Jayna Voss and Bobbi Thury say there’s an obvious downside to this reluctance to talk: stories end up focusing on alleged shenanigans, missing that many people who seek out South Dakota for its trusts aren’t super-rich, nor have dark intentions.
Around four decades ago, the state adopted a few key laws that caught the financial industry’s attention and made it an attractive spot for anyone wanting to pass assets to future generations without triggering estate taxes.Credit:AP
At the office of the Legacy Law Firm, which the two co-founded about five years ago to focus on estate planning, they tell how trusts can be used by farmers and small business owners, or help families avoid personal ruin over spiralling health-care costs. Working within the confines of the law to minimise taxes, they say, isn’t the same as tax evasion.
“You go here to do something — legally — to help meet the goals that you have,” Voss says.
“Help your family,” Thury adds.
And sure, some say: South Dakota could tighten its trust laws, but that would just drive clients elsewhere and cost the state hundreds of well-paying jobs. Isn’t the federal government better equipped to decide where the line should be drawn?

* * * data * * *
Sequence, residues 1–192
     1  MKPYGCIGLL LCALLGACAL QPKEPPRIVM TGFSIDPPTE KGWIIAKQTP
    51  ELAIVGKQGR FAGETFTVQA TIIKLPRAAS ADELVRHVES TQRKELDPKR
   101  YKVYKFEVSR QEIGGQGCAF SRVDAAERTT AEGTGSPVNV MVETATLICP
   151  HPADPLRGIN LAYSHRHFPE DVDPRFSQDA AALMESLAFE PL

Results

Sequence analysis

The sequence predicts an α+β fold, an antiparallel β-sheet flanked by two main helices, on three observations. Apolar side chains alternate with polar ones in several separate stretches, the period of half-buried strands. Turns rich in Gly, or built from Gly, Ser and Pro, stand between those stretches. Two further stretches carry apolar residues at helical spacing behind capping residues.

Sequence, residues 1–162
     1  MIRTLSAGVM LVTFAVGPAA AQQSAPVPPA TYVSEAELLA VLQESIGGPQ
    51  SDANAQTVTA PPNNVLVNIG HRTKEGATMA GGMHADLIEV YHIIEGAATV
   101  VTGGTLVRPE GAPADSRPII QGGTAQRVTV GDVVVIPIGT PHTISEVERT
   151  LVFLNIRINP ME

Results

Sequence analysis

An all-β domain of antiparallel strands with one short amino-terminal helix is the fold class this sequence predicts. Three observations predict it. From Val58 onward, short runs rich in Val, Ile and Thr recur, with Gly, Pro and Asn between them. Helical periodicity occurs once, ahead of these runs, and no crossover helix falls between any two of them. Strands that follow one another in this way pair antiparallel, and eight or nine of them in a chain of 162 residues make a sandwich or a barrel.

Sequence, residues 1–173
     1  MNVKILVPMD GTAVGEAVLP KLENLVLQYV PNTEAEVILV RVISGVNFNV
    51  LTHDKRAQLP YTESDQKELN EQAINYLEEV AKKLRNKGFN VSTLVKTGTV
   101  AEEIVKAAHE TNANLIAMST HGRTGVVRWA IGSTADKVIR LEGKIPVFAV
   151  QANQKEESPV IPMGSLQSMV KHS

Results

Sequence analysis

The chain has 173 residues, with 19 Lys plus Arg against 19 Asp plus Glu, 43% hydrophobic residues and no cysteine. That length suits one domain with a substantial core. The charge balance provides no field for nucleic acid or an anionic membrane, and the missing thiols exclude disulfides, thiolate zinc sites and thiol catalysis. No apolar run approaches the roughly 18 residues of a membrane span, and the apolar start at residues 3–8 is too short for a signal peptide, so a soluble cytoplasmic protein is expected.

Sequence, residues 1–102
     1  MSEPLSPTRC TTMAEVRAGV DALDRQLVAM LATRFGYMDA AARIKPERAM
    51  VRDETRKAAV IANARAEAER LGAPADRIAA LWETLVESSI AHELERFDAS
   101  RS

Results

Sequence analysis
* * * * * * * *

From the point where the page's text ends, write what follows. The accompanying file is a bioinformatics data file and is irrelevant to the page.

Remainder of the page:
Reynold Nesiba, 55, a rare Democratic state senator in South Dakota’s deeply red legislature, is torn. “I don’t want us to be helping anybody engage in criminal behaviour,” he says while sipping a Blue Moon on a recent Tuesday afternoon near Augustana College where he teaches. On the other hand, “it’s a complicated thing for South Dakota to be responsible for.”
In the legislature there are about twice as many farmers and ranchers as there are lawyers. One state representative corrals bucking horses and bulls at rodeos for a living. They meet for about 40 days each year, and each make about $US12,000 and 42 cents per mile for gas. It’s a citizen legislature, Nesiba says, and for the most part it works really well.
“Do South Dakotans have to know what the King of Jordan has been up to?” he says. “Do we have to adjudicate that? It really needs to be federal legislation that prevents states from competing against each other for the lowest taxes and most secure privacy laws across the country.”